The Carmelites have a long history of reforms within the order but every reform (until the Discalced) were integrated into the Order after some time. This most likely would have happened with the Discalced if it was not for the outside actors (the bishops and papal legates) who caused issues between the Order and the Discalced and eventually caused a rift and a split in the Order.

One of the biggest differences is that the Discalced look to St Teresa of Avila and St John of the Cross as founders while the Carmelites do not. We value their writings and study them but they are not our founders, they are our sister and brother. We do not know who our original founders are so we look to the Prophet Elijah and the Virgin Mary as our spiritual founders.

We both follow the Rule of St Albert. The differences will be found within our constitutions. I can not comment on the Discalced constitutions as constitutions are mostly private and kept within the Orders.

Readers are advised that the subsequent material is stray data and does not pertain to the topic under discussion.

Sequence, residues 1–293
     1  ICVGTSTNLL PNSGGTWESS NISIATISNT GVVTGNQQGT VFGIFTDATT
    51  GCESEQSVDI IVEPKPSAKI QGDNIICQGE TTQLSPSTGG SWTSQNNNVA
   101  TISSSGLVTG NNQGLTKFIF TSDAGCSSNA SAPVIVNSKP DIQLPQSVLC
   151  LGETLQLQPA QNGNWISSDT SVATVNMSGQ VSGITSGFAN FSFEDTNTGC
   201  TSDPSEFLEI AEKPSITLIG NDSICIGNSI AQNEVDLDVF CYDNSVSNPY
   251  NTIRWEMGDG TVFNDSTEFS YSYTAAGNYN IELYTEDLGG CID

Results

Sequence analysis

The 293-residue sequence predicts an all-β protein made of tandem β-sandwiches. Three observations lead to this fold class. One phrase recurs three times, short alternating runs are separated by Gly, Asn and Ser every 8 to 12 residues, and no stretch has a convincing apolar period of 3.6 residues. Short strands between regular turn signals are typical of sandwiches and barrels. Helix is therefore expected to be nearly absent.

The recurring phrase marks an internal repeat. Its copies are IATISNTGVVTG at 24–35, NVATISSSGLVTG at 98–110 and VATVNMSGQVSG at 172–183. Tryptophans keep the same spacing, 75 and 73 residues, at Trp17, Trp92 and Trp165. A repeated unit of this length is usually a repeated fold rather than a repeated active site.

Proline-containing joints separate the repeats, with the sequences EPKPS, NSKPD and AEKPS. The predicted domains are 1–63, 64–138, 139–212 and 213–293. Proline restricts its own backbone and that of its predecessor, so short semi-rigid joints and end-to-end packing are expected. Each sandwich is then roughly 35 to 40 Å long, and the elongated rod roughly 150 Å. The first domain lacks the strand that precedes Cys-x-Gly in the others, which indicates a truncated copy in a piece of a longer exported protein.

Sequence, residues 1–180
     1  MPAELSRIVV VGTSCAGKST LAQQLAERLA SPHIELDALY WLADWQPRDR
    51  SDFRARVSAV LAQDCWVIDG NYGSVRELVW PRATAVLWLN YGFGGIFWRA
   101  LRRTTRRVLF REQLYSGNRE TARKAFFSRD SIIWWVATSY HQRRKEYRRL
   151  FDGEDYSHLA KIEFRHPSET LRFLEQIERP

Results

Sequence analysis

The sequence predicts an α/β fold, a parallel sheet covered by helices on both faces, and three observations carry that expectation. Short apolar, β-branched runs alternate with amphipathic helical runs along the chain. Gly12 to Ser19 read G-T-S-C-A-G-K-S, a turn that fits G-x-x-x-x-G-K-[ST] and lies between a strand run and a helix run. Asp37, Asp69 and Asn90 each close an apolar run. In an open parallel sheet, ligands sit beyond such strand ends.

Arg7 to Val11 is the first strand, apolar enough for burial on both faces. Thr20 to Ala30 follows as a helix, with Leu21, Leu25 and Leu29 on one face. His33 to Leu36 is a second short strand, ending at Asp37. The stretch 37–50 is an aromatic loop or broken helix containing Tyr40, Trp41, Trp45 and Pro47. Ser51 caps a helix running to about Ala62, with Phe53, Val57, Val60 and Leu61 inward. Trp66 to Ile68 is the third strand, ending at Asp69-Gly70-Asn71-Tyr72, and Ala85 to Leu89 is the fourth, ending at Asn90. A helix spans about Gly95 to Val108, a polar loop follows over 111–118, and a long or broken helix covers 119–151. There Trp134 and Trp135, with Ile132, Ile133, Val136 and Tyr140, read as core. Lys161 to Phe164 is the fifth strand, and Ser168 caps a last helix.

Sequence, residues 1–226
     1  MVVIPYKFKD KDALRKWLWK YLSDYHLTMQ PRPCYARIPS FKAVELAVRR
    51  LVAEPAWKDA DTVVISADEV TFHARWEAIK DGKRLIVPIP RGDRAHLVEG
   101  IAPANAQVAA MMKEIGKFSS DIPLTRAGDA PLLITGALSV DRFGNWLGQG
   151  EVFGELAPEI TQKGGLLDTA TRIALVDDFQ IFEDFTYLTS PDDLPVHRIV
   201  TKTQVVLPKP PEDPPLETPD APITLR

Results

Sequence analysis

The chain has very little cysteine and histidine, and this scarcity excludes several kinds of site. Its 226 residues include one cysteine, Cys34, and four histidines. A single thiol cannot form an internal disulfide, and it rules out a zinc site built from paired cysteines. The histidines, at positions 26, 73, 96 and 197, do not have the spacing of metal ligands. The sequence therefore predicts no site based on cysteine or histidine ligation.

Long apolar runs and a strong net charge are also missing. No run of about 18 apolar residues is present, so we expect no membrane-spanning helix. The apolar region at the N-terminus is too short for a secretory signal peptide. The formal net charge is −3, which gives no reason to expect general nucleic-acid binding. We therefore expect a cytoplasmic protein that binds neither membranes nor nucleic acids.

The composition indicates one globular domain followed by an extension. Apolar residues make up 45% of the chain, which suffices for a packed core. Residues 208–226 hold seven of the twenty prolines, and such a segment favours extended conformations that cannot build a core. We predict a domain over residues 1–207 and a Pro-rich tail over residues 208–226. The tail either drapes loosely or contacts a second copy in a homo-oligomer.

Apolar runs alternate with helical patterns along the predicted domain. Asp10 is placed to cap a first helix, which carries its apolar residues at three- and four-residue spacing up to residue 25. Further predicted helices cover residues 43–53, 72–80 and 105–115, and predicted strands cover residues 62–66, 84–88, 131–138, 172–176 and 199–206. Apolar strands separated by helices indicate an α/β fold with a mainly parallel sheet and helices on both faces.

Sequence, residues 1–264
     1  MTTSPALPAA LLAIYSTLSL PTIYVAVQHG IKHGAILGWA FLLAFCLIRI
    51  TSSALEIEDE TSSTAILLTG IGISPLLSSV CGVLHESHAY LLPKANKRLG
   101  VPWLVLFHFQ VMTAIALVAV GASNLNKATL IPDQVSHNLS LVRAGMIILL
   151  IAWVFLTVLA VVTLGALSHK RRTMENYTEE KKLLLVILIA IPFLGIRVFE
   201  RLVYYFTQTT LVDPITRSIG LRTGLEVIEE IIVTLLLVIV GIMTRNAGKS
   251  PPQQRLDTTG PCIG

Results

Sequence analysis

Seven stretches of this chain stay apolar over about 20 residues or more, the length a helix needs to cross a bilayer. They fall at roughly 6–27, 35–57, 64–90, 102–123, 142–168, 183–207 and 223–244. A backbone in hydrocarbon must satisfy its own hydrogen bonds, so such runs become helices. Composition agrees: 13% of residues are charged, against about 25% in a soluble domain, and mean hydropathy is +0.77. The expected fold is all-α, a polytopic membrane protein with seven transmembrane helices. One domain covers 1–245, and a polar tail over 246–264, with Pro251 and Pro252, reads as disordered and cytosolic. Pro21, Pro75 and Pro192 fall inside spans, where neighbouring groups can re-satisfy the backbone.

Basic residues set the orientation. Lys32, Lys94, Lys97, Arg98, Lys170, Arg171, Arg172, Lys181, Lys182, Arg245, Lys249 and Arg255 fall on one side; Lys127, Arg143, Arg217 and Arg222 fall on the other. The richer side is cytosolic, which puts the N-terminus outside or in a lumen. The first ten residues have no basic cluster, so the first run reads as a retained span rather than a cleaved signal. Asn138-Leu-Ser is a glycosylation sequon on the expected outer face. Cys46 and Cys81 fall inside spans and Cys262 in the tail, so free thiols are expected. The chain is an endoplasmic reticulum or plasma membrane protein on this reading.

#15

[quote="Ocarm, post:13, topic:226399"]
Could you perhaps elaborate upon that? I'm a little puzzled to be informed that Brother David and I - who are Carmelite religious, but don't belong to the Discalced branch of the family - are less traditional than those who do. :confused:

Thanks in advance. :)

[/quote]

[quote="ByzCath, post:14, topic:226399"]
This is where I dislike this question.

How are the Discalced more "traditional".

Or can I ask how I, as a Carmelite, am less "traditional"?

The wearing or not wearing of shoes has nothing to do with tradition and does not appear in our Rule anywhere.